Autistic diagnosis

I was disappointed yesterday to be told that one of our 6 year old twins is to be diagnosed with Autism. The doctor says it is easier than making an FAS diagnosis & is a way of getting more help at school. As far as we were aware he was classed as on the FAS spectrum, including his autistic traits, which was to be confirmed now that he is 6. Any thoughts please?

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  • But he would be getting the wrong support as not all autism strategies work. If you are disappointed challenge them and ask them why it is easier to say autism than FASD. Also if he is already thought to be FASD, why are they wanting to confuse the issue by saying he is Autistic rather than, "as a result of his FASD, he also meets the diagnostic criteria for autism.". The Dr is correct in saying that it will open up more support as by-law now they are required to help people with autism but you will need to ensure they give the right help. It is a glorious minefield sometimes .........

  • My son was diagnosed with FAS in Canada but since we have been in England he gets just about no help. If he had been diagnosed with Autism, we would, at least be getting some support. I could have probably then got them to pay attention to the FAS. Very sad how far behind England is regarding FAS

  • Hi northof60, I would be very interested to hear what kind of help and support you were being offered in Canada for your son? It is very sad indeed that UK are so far behind.

  • I had an FASD team behind me and could contact them for assistance. This consisted of the social worker coordinator, Occupational therapy support and SLP support, psychologist and doctor. They would come to school along with me to discuss any issues with the head and teachers/support staff and we would all chat about what my son needed. This was an ongoing thing and not just at the start. He received help in class (one on one) and special provision due to issues he has with noise. He was allowed to leave the class to a quiet area when he needed it. Was allowed to listen to music through headphones, had a stretchy band tied to the legs of his desk so he could push on it with his leg. He had a scribe and reader for all exams/tests. Special provision was made so any homework, clothes, lunchboxes etc actually made it home (I had to go to the school each day otherwise). Umm, can't remember what else but there was more. He gets nothing here other than he was in a nurture group once a week for an hour or so. They look at him and think manages but he doesn't. Talked to the school ed psych and got nowhere.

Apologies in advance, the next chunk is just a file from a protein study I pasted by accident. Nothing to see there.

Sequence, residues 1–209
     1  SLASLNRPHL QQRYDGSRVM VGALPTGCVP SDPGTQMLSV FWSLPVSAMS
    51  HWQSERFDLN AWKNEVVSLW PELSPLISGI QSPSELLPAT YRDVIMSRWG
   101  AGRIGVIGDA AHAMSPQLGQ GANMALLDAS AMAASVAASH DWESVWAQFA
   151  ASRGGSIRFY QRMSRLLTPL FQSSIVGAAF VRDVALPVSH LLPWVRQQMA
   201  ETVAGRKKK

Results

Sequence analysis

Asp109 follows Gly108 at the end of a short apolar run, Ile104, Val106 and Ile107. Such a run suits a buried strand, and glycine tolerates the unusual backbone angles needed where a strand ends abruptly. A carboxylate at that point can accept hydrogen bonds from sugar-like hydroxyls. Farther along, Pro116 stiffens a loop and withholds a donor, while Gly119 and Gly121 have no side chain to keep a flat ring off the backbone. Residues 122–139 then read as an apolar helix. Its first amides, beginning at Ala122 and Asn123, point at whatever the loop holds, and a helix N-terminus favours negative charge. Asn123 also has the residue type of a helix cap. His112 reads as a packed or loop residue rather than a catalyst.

• I would continue to try to get the correct diagnosis, as it is not quite the same thing to have only the ASD diagnosis. Our daughter recently was confirmed FASD, with ADHD and ASD as a result. I think it helps to increase understanding all round of her behaviours, and the kind of help she might need at school, and in the future. However, the world in general seems to have a better understanding of ASD, so you may get some help that would not otherwise have been offered. Has the other twin been diagnosed with FAS?

  • Yes, both twins were diagnosed FAS at 3 years of age but one seemed to be showing more 'autistic traits' than the other - we have waited a year for his autistic testing. I will certainly be pushing for the other one to be tested now - but because his eye contact is quite good I have been told that he may not be under the criteria .........

    Certainly the current school they attend make little allowance for FAS - it is as if we have 'made it up' as the head has no knowledge of it & is insisting that the boys will 'catch up' with their peers in both speech & learning ability.

    I really appreciate your reply

  • Thank you all for your responses :-)